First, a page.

Rube Goldberg: He Did Exist

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Everyone has heard something described as a Rube Goldberg machine, but few these days know where the phrase comes from. It is from Reuben Goldberg, born 1883 and died in 1970: engineer, cartoonist, writer, and artist.

A book called Inventions (NY: Simon Schuster, 2000) collects his most famous material, mostly consisting of hilarious and overcomplicated machinery to accomplish simple tasks like turning a page of music or emptying out sand from shoes or closing a window. In a goofy sort of way, his works celebrates the inventor and innovator, and the problem-solving spirit.

Each contraption takes a few minutes to figure out, as the cartoonist explains to the reader the workings of each part. There’s always one implausible step that will guarantee failure in real life, but that’s also part of the fun. His work still holds up for both kids and adults.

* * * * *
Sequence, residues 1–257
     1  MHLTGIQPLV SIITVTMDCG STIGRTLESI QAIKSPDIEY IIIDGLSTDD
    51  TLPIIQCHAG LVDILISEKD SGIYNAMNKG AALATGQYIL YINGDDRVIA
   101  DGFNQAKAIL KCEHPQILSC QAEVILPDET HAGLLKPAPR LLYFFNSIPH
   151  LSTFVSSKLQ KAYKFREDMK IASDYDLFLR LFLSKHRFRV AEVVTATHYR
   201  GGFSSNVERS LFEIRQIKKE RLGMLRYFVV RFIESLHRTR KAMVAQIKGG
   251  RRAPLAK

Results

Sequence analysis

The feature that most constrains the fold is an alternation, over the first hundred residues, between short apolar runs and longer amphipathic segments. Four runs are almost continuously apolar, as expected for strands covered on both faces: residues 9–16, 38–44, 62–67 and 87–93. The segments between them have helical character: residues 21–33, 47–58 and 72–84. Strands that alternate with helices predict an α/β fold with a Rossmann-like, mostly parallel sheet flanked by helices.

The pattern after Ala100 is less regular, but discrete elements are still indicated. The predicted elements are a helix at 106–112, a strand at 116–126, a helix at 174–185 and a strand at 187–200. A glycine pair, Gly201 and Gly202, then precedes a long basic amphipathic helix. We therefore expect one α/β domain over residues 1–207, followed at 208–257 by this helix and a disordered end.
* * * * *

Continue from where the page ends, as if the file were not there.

What surprised me, however, was to discover that Mr. Goldberg seems to have been very solid on politics too. All the drawings in the politics section show government as the most complicated and unworkable machinery of all, that nonetheless does accomplish its primary goal of giving some people power at others’ expense.

The drawing to the right is perhaps the best visual description of central planning I’ve seen.

Jeffrey Tucker [send him mail] is editorial vice president of www.Mises.org.

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